Building Occupants: Characterization for CFD

The need to have occupants in AEC applications is common; however the most complex geometry in an analysis can be the person in the room. Sometimes this complexity is warranted, but often it is not. Learn about the different methods of characterizing occupants.

Most buildings are designed for the use of people, and it is tempting to include them in simulations to add a sense of scale or realism; depending on the scope of the simulation their representation may be simplified through characterization or even removed. 

In all cases occupants generate heat and impede air flow, these are the characteristics that must be considered.  A reference about the amount of heat a person generates can be found in Building Science Fundamentals.

The above flow chart should provide enough insight to determine a method of characterization required in different AEC applications.

The above flow chart should provide enough insight to determine a method of characterization required in different AEC applications.

Characterization Method for Small Spaces

In an office or space that would only contain one or two people a human can be included in a simulation.  The detail of the person should be limited by avoiding complex and tiny features, such as facial features, fingers, and toes.

Above depicts an occupant at his desk drawn into a small office space.  The advantage of having an occupant is that thermal comfort can be assessed on a solid object and different areas of the person may have different levels of comfort.

Above depicts an occupant at his desk drawn into a small office space.  The advantage of having an occupant is that thermal comfort can be assessed on a solid object and different areas of the person may have different levels of comfort.  

TIP:  When simulating a slightly larger space, further de-featuring the person to a block or cylinder may be useful.

Characterization Method for Large Venues

When considering the people occupying a theater hall, stadium, or church the occupants are usually tightly grouped. This can be used to the designer’s advantage because entire seating rows or sections can be characterized together.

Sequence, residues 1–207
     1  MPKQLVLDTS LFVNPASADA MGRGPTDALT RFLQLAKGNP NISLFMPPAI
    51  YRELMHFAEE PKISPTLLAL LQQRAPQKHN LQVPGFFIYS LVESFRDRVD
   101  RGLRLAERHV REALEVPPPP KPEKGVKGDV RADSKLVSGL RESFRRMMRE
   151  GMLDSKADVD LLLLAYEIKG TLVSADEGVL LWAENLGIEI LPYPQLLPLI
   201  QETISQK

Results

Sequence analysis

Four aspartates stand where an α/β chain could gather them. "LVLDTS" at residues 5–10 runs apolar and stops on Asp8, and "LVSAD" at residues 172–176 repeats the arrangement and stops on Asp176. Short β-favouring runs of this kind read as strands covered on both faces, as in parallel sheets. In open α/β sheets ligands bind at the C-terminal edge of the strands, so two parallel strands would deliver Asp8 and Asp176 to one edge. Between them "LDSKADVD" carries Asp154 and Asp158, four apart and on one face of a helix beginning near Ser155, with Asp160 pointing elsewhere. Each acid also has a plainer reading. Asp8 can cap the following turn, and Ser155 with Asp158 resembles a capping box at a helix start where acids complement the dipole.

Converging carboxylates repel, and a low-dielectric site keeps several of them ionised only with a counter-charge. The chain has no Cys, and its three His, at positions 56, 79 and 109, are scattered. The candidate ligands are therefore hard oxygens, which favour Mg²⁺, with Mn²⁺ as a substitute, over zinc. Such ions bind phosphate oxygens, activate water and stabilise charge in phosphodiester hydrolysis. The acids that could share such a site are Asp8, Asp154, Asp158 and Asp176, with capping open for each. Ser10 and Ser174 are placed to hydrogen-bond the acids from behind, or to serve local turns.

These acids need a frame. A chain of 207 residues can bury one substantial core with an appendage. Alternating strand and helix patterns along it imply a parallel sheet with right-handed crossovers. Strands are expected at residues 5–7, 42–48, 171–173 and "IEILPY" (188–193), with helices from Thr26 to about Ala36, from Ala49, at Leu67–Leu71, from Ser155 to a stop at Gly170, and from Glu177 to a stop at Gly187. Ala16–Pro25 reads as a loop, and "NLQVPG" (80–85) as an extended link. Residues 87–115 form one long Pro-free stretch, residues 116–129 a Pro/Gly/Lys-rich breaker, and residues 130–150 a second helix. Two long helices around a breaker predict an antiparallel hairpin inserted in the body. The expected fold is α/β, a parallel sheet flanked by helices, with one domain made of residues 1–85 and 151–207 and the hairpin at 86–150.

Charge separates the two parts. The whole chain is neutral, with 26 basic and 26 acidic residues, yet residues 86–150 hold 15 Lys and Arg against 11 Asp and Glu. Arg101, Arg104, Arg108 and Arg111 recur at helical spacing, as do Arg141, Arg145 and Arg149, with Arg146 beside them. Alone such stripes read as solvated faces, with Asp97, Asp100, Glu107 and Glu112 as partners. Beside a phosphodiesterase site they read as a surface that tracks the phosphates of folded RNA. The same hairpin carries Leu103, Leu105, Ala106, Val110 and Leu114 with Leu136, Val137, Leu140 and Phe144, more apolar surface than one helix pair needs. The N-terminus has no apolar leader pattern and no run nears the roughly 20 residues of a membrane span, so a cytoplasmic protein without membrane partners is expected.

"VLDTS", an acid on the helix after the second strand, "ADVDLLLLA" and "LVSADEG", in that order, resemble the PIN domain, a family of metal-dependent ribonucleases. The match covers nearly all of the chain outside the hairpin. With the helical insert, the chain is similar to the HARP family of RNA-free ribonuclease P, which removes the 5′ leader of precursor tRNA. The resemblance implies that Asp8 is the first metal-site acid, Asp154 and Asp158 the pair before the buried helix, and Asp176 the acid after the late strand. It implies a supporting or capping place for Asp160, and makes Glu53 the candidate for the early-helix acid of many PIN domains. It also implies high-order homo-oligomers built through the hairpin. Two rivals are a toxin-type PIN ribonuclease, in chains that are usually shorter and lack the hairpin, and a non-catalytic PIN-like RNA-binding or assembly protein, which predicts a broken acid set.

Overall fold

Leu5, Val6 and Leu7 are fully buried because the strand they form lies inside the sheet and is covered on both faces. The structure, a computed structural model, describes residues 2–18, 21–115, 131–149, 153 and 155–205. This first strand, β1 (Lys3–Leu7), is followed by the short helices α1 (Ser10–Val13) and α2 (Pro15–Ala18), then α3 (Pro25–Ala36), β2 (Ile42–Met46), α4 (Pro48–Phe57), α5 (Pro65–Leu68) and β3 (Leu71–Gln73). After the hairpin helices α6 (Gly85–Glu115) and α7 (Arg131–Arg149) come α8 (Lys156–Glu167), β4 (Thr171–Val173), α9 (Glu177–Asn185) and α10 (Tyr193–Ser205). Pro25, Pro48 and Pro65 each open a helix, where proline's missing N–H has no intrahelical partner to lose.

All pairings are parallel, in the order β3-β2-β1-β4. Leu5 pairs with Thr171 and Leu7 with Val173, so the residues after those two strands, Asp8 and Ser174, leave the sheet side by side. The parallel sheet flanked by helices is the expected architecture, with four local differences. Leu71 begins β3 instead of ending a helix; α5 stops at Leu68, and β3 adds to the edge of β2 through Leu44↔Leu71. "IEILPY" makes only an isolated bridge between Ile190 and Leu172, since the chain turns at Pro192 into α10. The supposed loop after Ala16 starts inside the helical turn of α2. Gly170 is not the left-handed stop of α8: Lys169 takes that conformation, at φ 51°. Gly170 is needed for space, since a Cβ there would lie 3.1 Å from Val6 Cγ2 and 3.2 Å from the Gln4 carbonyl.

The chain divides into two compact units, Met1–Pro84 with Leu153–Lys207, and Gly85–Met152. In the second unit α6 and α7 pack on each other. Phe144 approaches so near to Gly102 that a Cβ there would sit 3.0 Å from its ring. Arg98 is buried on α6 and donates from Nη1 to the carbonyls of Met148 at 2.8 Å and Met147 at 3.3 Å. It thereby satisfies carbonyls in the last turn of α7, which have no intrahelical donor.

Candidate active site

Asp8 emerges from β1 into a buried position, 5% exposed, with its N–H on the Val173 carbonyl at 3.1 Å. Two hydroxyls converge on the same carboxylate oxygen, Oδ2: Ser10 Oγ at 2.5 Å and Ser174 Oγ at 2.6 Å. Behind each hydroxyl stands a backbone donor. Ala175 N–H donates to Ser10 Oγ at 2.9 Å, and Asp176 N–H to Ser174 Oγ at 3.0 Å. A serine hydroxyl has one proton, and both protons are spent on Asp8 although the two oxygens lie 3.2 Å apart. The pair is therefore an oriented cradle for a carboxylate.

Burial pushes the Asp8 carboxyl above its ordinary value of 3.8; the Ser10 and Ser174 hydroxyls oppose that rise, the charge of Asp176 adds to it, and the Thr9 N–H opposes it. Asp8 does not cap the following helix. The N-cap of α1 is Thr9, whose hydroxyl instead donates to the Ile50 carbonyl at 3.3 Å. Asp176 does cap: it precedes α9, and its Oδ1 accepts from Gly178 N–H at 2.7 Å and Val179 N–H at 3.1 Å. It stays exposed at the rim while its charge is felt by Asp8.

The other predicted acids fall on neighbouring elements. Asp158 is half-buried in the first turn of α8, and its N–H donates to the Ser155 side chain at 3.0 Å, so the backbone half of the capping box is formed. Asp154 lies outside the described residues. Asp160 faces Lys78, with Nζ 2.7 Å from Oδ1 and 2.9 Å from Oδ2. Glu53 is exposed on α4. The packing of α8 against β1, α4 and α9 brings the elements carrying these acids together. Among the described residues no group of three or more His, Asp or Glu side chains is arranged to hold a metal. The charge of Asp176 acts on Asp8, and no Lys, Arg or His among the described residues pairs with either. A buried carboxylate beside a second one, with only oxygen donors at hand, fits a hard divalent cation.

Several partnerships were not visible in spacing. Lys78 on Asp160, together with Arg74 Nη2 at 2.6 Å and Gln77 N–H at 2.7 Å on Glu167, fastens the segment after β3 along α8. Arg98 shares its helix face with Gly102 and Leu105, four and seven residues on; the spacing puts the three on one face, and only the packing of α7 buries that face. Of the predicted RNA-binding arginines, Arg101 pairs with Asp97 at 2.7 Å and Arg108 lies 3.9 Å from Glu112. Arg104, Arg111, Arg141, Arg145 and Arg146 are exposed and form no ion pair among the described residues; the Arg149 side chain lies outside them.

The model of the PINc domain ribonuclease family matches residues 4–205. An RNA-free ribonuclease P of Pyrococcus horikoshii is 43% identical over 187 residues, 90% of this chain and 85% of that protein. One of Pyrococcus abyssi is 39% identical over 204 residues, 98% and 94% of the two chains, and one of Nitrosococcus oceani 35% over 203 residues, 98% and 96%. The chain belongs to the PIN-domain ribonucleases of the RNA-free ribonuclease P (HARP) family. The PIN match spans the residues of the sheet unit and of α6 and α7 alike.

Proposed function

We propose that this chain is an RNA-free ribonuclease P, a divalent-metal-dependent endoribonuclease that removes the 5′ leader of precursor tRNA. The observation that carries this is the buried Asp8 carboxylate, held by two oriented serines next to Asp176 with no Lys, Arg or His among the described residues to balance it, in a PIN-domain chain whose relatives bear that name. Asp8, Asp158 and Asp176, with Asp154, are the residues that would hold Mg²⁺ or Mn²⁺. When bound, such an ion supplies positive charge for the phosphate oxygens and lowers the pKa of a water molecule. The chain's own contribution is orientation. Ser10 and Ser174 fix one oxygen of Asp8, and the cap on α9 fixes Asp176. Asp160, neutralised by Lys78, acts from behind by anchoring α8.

A single block can replace all of the people and chairs and be defined as a resistance material with free area ratios (FAR) specified for each direction.  Calculating the FAR can be done using the section area measurements in most CAD tools.  A heat load should be applied to match the output of the number of occupants represented by the block (for example 9 people in a row at 100 watts each; 900 watts needs to be assigned to the resistance representing that row).

This group of occupants (left) will partially obstruct air flow in that location.  A simple block added in CAD (right) and assigned as a resistance with a heat load in CFD can simulate that same obstruction with less complexity.

This group of occupants (left) will partially obstruct air flow in that location.  A simple block added in CAD (right) and assigned as a resistance with a heat load in CFD can simulate that same obstruction with less complexity.

In the case that the occupants cannot be placed into a grouping, such as the people on the field in a stadium it would be more appropriate to put a heat flux boundary condition onto the field as opposed to adding them as explicit geometry into the simulation.  

(1) Players on the field can be represented with a surface heat flux on the field.  (2) Observers in the stands can be characterized by a resistance block with a volume heat generation

(1) Players on the field can be represented with a surface heat flux on the field.

(2) Observers in the stands can be characterized by a resistance block with a volume heat generation